by OCMGA Master Gardener Lynne Finch
Hardly has the last leaf tumbled from the trees when my husband starts waiting for the snows. That wouldn’t be surprising if he liked skiing or other snow sports. It wouldn’t be surprising either if he owned a winter resort, a plowing business or a tow truck. Or even a riding snowblower. What he does have is a long driveway, a lot of sidewalk and an obsession with keeping them immaculate. His only tools are a batch of shovels and some strange inner drive that makes him glow with pride when he finally leans on the handle to survey his cleared domain.
After a recent blizzard, as we both leaned on our shovels, he turned to me and said, “There’s nothing like a shoveled driveway.” He swung his arm to include all the snow-blown driveways along the street. “Notice how a snowblower leaves an untidy surface.” He gazed dreamily down the 100-foot drive leading to our garage, “But a shoveled driveway is neat and clean. Definitely a thing of beauty, wouldn’t you say?” I failed to appreciate the esthetics of shoveling. I was glad it was done–he was glad it was beautiful.
In all other respects he’s quite a normal fellow. He growls in the morning, fusses about taking out the garbage, and complains that there are never enough apple pies in the house. He refuses to wash the ceiling and does windows only under protest. It’s when Mother Nature plays the flip side of summer that he goes berserk. I began to suspect something when he gently caressed the handle of our first snow shovel and leered at its broad, steel-reinforced edge. From there his habit progressed to pushers, then on to chippers and brooms.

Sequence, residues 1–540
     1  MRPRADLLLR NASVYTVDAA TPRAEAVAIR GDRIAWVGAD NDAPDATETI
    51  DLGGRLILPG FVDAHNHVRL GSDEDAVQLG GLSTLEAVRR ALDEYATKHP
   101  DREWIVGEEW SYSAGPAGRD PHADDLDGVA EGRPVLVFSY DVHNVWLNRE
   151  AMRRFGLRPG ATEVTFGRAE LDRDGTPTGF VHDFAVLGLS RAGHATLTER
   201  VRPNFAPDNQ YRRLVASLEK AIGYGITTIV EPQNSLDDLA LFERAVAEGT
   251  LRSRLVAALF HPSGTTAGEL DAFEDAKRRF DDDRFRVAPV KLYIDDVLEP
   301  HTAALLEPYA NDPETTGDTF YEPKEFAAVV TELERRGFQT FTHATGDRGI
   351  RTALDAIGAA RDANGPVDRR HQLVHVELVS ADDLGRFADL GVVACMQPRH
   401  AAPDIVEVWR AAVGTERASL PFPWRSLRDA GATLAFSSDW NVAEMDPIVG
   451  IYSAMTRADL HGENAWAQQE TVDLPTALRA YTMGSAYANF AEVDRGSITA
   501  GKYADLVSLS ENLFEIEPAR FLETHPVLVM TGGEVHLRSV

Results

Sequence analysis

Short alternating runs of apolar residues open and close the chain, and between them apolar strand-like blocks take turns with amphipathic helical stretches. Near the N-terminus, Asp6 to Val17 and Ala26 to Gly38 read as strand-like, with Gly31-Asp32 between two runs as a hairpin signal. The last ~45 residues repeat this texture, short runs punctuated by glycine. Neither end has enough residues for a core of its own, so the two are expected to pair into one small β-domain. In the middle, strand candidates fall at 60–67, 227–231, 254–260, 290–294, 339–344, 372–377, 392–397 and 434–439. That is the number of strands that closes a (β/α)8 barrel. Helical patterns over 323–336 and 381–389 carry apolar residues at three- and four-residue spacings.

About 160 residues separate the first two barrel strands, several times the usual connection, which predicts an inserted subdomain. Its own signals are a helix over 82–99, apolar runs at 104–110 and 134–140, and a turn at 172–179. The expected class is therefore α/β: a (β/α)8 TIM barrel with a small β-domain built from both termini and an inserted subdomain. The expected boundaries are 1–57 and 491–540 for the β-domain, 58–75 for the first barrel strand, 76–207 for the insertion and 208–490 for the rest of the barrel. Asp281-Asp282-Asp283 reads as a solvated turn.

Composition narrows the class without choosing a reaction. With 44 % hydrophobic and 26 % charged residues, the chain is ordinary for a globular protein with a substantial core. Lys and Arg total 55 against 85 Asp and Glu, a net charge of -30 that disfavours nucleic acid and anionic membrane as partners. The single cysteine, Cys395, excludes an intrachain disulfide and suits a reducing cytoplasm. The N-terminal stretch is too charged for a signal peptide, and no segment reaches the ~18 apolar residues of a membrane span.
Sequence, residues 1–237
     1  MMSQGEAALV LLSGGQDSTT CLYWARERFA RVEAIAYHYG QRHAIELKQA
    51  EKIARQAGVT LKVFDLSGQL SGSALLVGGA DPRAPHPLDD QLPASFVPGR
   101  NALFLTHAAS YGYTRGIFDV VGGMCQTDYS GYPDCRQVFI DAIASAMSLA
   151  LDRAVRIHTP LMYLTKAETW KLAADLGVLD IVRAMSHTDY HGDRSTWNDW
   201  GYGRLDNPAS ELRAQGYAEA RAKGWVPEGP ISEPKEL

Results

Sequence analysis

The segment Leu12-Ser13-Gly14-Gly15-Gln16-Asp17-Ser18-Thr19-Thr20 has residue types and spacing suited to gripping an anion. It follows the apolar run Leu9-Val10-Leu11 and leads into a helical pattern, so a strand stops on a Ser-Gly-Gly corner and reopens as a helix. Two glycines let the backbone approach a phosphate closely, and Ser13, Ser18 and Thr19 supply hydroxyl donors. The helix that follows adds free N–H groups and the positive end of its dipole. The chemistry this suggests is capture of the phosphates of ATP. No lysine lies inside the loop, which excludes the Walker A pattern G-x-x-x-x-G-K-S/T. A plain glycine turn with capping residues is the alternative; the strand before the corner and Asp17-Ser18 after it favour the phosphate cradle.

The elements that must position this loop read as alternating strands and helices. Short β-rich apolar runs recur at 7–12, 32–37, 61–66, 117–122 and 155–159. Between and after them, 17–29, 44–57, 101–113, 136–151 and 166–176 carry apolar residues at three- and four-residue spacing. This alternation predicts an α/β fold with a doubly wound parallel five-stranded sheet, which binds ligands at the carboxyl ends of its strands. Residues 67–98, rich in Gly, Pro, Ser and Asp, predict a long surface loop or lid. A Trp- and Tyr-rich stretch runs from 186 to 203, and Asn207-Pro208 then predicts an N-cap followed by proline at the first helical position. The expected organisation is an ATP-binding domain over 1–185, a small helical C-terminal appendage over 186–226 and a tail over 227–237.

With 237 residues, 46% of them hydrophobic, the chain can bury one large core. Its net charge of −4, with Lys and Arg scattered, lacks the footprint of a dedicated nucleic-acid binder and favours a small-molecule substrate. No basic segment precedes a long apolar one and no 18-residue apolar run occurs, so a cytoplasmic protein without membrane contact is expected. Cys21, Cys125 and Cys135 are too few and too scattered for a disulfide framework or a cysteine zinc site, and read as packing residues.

The path to our door was always immaculate. When we lived in apartments, he cleared whole parking lots, single-shoveled. Now he commands a motley collection of snow equipment that includes a hand-made wooden pusher, a grain scoop and a manure scraper. The steel-edged pusher that came with our old house scrapes a path as wide as the sidewalk. The grain scoop is lightweight and swoops easily through deep snow at amazing speeds down our 100-foot driveway and 130 feet of sidewalk.
My husband also is not one to let a puddle lie. He disperses them quickly with a broom; if one freezes he approaches it, ice chipper in hand, and smashes it to bits. He works carefully, never overexerting himself. Before shoveling he does warm-up exercises in the house. His shoveling form is flawless. A perfected swing and follow-through produce a smooth, steady rhythm of lift and toss. Knees bent to a precise angle relieve stress on his back. When he returns to the house, he is refreshed of body and spirit, glowing with accomplishment.
He is not one to wait out a storm before swinging into action. While other driveways may wait quietly beneath eight inches of fresh snow, ours may have already undergone two or even three strippings. Sometimes he even shovels in the dark of night, tossing snow that reflects the silvery moonlight. As the snowy walls grow taller, he treats them to occasional trimmings, much as a summer man shapes leafy hedges. But eventually they begin to shrink and the snow he so valiantly conquered sneaks into the ground or runs down the street. After all is said and shoveled, he’s a handy man to have around in the winter. He doesn’t need gas and never has been delayed at the repair shop.
Now if I could only convince him that a well-kept yard is a beautiful as a shoveled driveway, I’d have it made in the shade.
– Reprinted with permission. Copyright Lynne L. Finch.